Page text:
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Top leadership at L'Oreal is heavy on seniority in the company and the beauty industry. So it came as a surprise last year when it not only became the first big beauty player to name a chief digital officer, but also added an outsider with no beauty experience to its executive committee -- Bulgarian-born and French-educated Lubomira Rochet, now 37.
Ms. Rochet's charge, as Chairman-CEO Jean-Paul Agon put it at the time, is to "accelerate L'Oreal's digital transformation regarding consumer experience, service-based innovation, customer service and technology platforms."
It's a tall order that has big implications for marketing. The beauty giant, with global sales of $25 billion, ranks as the third largest global marketing spender with $5.9 billion, according to the Ad Age Datacenter. In an interview, Ms. Rochet said that among her many projects, one is working to determine how L'Oreal will handle programmatic media buying.
"We all know that programmatic is going to be a big shift in the way we buy media," she said. "In terms of the underlying technologies, it's like a matrix. We'll go through a lot of test and learn in the coming months, so we can prove models to see what's best for L'Oreal in terms of technology, governance, setup and everything."
That includes looking at whether to bring programmatic buying in-house, as rival Procter & Gamble & Co. has done in the U.S.; use a single-client unit within one of its media agencies, as Unilever has done with Mindshare in the U.S.; or leave everything with outside agencies.
While the answer is important, she said, "It all comes after having a well-crafted consumer engagement strategy." And that's not just about media, or even marketing.
Her last stop prior to L'Oreal, as a founder and managing director of Valtech, a Paris-based digital consultancy, provides a glimpse into her thinking.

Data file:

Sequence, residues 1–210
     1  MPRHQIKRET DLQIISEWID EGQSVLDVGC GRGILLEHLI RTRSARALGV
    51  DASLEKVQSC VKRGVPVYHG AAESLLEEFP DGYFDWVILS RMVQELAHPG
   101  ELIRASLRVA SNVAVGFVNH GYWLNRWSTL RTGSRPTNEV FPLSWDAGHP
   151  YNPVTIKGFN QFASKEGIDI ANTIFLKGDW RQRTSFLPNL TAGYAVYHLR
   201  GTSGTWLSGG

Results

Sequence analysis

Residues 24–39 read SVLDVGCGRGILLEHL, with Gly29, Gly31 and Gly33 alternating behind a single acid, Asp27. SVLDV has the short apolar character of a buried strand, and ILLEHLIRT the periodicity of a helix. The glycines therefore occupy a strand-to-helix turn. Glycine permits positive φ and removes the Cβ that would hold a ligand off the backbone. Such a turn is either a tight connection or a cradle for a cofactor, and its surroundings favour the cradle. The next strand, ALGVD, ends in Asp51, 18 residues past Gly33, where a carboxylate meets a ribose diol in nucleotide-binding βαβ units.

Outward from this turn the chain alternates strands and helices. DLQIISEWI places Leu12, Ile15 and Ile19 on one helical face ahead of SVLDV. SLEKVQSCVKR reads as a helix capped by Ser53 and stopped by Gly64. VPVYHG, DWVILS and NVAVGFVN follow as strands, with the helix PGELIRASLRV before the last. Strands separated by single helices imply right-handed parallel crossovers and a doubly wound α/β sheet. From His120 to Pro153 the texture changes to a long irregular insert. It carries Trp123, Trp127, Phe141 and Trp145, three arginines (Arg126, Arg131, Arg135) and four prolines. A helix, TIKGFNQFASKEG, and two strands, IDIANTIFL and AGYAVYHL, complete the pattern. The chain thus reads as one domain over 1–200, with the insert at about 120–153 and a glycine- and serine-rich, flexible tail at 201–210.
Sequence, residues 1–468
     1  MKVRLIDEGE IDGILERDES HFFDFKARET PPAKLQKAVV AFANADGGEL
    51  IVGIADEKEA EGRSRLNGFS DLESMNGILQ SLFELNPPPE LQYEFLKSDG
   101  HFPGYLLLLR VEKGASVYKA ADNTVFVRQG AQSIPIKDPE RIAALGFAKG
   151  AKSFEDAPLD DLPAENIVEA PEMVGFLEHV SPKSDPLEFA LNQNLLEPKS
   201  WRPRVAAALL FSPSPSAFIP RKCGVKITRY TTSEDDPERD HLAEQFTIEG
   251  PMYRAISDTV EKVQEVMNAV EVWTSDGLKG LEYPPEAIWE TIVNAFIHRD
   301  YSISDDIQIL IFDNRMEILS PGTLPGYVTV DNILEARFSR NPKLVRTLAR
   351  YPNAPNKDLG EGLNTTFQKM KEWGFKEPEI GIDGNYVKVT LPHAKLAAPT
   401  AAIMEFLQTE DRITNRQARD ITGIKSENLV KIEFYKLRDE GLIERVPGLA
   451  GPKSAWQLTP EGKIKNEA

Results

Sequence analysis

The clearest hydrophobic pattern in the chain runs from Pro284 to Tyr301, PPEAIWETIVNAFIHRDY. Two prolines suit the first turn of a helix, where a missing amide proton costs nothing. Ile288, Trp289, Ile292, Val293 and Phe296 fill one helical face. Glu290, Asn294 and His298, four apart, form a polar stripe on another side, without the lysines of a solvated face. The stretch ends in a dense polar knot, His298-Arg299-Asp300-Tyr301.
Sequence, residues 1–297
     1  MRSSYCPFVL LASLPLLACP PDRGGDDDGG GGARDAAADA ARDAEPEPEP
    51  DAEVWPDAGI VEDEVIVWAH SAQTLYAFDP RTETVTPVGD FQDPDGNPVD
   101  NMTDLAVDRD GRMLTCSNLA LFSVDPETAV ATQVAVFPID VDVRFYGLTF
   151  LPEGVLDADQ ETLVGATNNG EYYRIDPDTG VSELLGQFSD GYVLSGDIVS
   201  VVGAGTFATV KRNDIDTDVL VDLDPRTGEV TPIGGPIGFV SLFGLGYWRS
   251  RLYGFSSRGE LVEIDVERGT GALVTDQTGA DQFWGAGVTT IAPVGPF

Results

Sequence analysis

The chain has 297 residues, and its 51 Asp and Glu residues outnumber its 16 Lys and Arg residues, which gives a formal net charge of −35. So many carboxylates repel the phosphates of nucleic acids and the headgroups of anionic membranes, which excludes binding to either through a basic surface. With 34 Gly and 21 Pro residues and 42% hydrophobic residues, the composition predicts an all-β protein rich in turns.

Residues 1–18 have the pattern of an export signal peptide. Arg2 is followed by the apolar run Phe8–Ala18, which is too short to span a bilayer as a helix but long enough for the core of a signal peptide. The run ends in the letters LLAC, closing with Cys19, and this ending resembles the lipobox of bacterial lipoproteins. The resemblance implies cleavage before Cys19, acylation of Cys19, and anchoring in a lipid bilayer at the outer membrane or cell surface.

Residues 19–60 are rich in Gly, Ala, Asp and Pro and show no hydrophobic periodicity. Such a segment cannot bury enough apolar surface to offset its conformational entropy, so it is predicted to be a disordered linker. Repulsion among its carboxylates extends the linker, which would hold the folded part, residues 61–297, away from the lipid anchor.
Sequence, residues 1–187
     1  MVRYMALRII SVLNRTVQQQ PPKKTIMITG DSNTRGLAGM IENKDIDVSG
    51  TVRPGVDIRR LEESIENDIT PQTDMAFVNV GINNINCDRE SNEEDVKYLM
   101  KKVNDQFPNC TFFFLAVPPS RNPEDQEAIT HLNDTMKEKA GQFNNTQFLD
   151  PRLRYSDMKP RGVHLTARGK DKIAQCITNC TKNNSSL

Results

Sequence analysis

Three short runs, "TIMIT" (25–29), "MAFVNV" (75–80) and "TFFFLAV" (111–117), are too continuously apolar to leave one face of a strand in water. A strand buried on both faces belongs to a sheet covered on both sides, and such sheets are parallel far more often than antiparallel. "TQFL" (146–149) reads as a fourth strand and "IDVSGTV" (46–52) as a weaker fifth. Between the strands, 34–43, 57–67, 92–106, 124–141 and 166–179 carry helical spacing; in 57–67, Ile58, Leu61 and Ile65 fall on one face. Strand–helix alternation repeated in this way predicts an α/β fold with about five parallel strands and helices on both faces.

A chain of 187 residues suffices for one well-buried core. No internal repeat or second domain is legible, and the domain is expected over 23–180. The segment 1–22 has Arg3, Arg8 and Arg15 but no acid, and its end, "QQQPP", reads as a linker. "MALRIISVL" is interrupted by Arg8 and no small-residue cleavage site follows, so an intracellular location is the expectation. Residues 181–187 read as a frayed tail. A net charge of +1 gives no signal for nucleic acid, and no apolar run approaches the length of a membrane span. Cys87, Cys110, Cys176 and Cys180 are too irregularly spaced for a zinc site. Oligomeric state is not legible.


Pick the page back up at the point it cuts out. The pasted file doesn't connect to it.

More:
"Our role is to help clients orchestrate experiences around their customers, making it intuitive for them to consume products and services when, where and how they desire," Valtech explains on its website. The firm also believes "the high-value skills" today are "no longer found within 'industrial design,' but 'service design' instead."
In a packaged-goods industry where marketing, sales and product development have been largely distinct silos, that implies some organizational redesign too. Already a growing number of jobs at L'Oreal and elsewhere combine marketing and e-commerce -- and with good reason as Ms. Rochet ses it.
"What consumers really want is a consistent experience with the brand and product at all touch points," Ms. Rochet said. "We also know that in e-commerce it's really important to have great content. … We definitely need to have our e-commerce specialists working more and more with marketers. And it really questions the way we are organized."
One example Ms. Rochet points to of a digital service that joins marketing, service and e-commerce is L'Oreal Paris' Makeup Genius, an app with more than 7 million downloads to date that lets women try on makeup virtually. It came from L'Oreal USA's Connected Beauty Incubator, which worked with startup Image Metrics. Ms. Rochet said working with startups in such places as New York, Paris and London as key to her mission.
New entrants are just as important in media, as she sees it. Asked whether she shares concerns expressed by Group M Chief Digital Officer Rob Norman about the growing power Facebook and Google wield in mobile advertising, she said: "I think the mobile ecosystem is quite open in the sense today we have of course Google and Facebook, but then you have also emerging models like Pinterest, Twitter and Snapchat. So I'm not concerned."